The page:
This passage was a reviving tonic to my heart in my trials concerning this Sacrament; and if we had no more passages than this one, we could nonetheless sufficiently confirm all consciences with it and forcefully enough refute all adversaries.  ...Plainly and clearly St. Paul states: The very bread which we break is the communion of the body of Christ.  do you hear, my dear brother?  The broken bread, or the bread distributed in pieces, is the communion of the body of Christ.  It is, it is, it is, says he, the communion of the body of Christ.  but what is the communion of the body of Christ?  It can consist in nothing else than this, that they who individually take a piece of the broken bread receive in it the body of Christ.  (What Luther Says - p. 797 - para 2476)

While pointing at the bread, it is entirely correct to say: This is Christ's body, and whoever sees this bread sees Christ's body.  Just so John said, as we heard, that he saw the Holy Spirit when he saw the dove.  So we also rightly say: Whoever attacks this bread attacks Christ's body, whoever eats this bread eats Christ's body, and woever presses this bread with teeth or tongue presses the body of Christ with teeth or tongue.  And yet it remains true in every respect that no one sees, grasps, eats or crushes Christ's body as other, visible flesh is seen and crushed.  For what we do to the bread is correctly and well attributed to the body of Christ because of their sacramental union.  (What Luther Says - p. 796 - para 2474)

The heart of man is a slippery thing: when matters go well, it falls into presumption; but when matters go badly, it falls into despair.  This is why ours must be a mixed lot.  God must throw one care after another into our prosperity, must salt it for us, and must dampen our high spirits with apprehension so that we stay with the First Commandment...Our troubles must also be tempered with some consolation so that we cling to God's promises and do not tempt God, who would be our God.  In this way a man stays on the right road so that he does not despair in trouble but always stays standing and praises God, whether he fares well or ill, whether he wins or loses.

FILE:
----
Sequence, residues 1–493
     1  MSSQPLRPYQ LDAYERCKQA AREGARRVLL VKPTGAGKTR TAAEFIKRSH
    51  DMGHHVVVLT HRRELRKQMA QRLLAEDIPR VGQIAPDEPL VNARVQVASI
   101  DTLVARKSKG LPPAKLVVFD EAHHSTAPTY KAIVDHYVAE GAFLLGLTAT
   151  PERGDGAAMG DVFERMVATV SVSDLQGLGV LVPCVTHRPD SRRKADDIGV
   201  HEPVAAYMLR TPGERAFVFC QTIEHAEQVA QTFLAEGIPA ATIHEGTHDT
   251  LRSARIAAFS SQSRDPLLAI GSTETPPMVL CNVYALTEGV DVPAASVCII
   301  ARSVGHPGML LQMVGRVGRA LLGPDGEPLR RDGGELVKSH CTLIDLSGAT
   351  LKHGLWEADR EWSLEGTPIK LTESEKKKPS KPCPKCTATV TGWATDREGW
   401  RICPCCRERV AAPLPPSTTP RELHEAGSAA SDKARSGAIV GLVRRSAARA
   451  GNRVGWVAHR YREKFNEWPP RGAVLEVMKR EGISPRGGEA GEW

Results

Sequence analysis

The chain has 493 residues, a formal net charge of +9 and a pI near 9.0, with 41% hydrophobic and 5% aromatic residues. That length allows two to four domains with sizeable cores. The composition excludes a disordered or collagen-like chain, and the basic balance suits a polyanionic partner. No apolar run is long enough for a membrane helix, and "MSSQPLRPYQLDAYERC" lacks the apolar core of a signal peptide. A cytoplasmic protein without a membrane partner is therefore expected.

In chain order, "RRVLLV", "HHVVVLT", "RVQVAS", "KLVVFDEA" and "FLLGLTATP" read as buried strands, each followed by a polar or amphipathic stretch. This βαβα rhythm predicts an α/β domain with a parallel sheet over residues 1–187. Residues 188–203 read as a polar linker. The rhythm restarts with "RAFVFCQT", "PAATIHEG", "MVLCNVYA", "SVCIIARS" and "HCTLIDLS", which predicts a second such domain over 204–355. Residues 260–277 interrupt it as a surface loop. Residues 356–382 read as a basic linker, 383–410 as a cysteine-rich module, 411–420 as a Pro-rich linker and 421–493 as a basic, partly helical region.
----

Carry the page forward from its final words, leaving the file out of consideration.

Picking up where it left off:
(What Luther Says - #682)

The life of a holy person consists more in taking from God than in giving, more in desiring than in having, more in becoming pious than in being pious; as St. Augustine says:  Faith acquires what the Law requires.  For this reason asking and seeking constitute the real mode of life of the inner man.

What Luther Says - para # 697, p. 234

Though everything be taken from a Christian, he uses the occasion only to improve himself the more, and his faith constantly grows and increases and so rules his heart that neither wealth nor poverty trouble him nor make him either sad or joyful.  He is not the happier for being wealthy and having money and possessions; nor is he the sadder for being poor.  Whether one lashes or lauds him is all the same to him.  This serenity is caused by the spirit he has.  It is the cheerful, firm faith with which he clings to God...There is something very grand about a Christian, something inexpressibly great.

What Luther Says, para #691, p. 232.

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